The global pandemic influenced the world’s economy by disrupting supply-chains through shortages and price inflations.
The Russian invasion of Ukraine has disrupted global supply chains even further. The multitude of sanctions and boycotts imposed on Russia by multiple Western countries has led to worldwide fears of energy shortages, possible famine, and inflation.
Some of Russia’s greatest exports to Western countries pre-sanctions include:
With the Ukrainians defending their country, exports to Western countries have also halted, and these exports include:
The trade relationship between South Africa and Russia is less affected than the rest of Europe and the Americas. The top imports from Russia to South Africa in September 2021 were fertilisers (nitrogenous, mixed mineral and chemical), petroleum products and medicines, while South Africa mostly exports citrus fruits, nuts, manganese ore and inorganic chemical products.
South Africa’s trade relations with the Ukraine includes imports from the Ukraine like cereals, machinery, nuclear reactors, milling products and certain root vegetables.
Whilst supply-chains have been heavily impacted by the Russia-Ukraine crisis, commodity prices could skyrocket in the short term based on the supply-concern, the infrastructure-carnage and the sanctions imposed on Russia.
The commodity prices for oil and petroleum will continue to remain above or close to USD 100 per barrel for as long as the conflict persists. Ukraine and Russia export almost a quarter of global grains, which will see massive escalations in agricultural commodities. Russia is also one of the world’s largest producers of metals, such as aluminium, titanium, palladium, and nickel. These metal commodity prices will remain high and will have significant impacts on the industrial sectors, such as the automotive and mobile industries.
The destruction of physical infrastructure in the Ukraine will also have a substantial impact on price hikes. Disruptions through Russia on land-based routes between Asia and Europe will affect Chinese companies, the European Union closure of airspace to Russian aircraft and cargo, and the cancellation of sea freight routes from the Ukraine all contribute to expected inflation of goods and services worldwide.
Some countries will be harder hit than others by the Russian-Ukrainian crisis. Some countries and industries will be crippled, while other countries and industries may be less affected that do not rely as heavily on Russian and Ukrainian exports. The ripple-effect will not be evenly spread.
Most European countries, that import as much as 40 percent of its natural gas and 25 percent of its oil from Russia, will most likely see considerable impacts on their heating bills during the last few months of the northern hemisphere’s winter.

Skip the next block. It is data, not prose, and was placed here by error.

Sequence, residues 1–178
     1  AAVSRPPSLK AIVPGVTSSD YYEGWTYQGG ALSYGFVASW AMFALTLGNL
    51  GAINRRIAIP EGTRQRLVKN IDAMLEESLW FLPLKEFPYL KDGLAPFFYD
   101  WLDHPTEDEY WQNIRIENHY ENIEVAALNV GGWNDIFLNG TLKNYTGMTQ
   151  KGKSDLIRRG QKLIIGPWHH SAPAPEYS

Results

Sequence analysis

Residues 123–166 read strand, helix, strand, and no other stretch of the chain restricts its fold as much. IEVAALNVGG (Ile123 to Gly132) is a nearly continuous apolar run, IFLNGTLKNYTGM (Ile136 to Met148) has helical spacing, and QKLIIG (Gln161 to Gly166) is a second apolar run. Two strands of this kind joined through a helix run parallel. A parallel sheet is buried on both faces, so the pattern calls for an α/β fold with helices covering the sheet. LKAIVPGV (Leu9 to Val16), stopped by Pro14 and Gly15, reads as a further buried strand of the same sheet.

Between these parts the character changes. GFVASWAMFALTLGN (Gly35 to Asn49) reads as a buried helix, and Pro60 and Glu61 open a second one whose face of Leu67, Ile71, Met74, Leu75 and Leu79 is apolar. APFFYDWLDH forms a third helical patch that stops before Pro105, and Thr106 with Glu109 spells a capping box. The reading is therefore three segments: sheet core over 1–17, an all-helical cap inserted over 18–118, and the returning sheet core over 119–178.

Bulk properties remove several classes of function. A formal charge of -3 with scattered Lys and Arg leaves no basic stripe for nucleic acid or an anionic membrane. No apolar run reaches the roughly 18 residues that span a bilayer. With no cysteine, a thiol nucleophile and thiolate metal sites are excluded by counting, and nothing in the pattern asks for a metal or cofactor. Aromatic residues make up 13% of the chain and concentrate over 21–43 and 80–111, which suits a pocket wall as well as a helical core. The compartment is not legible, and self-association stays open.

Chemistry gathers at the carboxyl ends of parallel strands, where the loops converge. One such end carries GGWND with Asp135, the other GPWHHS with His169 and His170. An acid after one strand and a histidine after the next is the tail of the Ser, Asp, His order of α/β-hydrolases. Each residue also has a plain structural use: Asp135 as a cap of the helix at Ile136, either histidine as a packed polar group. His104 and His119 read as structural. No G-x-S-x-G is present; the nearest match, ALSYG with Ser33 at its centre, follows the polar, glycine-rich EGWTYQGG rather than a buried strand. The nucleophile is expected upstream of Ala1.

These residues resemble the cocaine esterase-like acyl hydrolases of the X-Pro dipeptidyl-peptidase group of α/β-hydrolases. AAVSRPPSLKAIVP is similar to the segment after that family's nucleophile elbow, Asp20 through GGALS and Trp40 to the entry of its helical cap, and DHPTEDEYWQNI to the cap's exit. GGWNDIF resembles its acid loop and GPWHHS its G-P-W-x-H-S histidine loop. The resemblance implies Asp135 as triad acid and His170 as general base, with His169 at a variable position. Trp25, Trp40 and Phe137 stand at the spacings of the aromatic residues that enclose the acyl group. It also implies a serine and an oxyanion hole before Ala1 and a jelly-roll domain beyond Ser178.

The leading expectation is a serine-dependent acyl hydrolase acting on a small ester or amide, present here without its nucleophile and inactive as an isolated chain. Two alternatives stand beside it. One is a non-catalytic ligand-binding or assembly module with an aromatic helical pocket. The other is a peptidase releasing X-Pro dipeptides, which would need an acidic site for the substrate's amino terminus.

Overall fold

Other countries like Egypt and Turkey, who import more than 70 percent of their wheat from Russia and Ukraine, will see even further economic strain with increased fuel and food prices.
The high metal prices since the start of the pandemic in 2020 surpassed inflation, which was driven by supply-chain disruptions caused by worldwide lockdowns. Although these high prices have bolstered profits, the further climbing commodity prices amidst the Russian-Ukrainian conflict could see mining companies face higher inflation which could slow down short-term demand and long-term growth plans.
Mining operations require a lot of energy, and with Russia being one of the biggest oil producers in the world, higher global energy prices are expected to have an impact on the global mining industry.
Apart from being a big player in oil production, Russia is one of the world’s leading producers of mineral commodities, including Platinum Group Metals, Copper, Aluminium, Iron Ore, Gold, Rock Phosphate, and mineral fuel such as Coal, Natural Gas and Uranium.
The current sanctions against Russia could see the demand for mineral commodities like PMG’s be shifted to alternative producers, like South Africa and Zimbabwe, whilst the requirement for Uranium could be filled by Canada and Australia.
The South African economy expanded by 4.9% in 2021, the most in 14 years. The Russian invasion of Ukraine will no doubt have an impact on the South African economic recovery and is likely to impact the current growth trajectory in what was deemed as a “post-pandemic recovery year” for South Africa.
Irrespective of the ever-escalating food and fuel prices, and projected price increases, mineral resources commodity prices are also projected to continue to increase. South Africa is one of the major producers of platinum group metals, base, and precious metals. The Parliamentary Budget Officer (PBO) shared during the first week of March 2022 that the economic sanctions on Russia, which includes the supply of PGM’s, may lead to an increased demand for South African PGM’s.
With the sanctions and boycotts that are currently in place, the PGM commodity prices will soar. This will have an immediate effect on income to certain countries that produce these metals but the overall higher prices will not be conducive to long-term global economic growth and recovery.
The average South African citizen will undoubtably feel the recoil effect of the Russian-Ukrainian conflict economically.
Fuel prices have already surpassed the R20 per litre-mark since the Russian invasion of the Ukraine, and projections indicate fuel prices to remain high in the months to come. The effect has on all other consumer goods and food is inevitable.
Below is a quick overview of the fuel price for 93 Unleaded Petrol, Inland, cost over a 10-year period.
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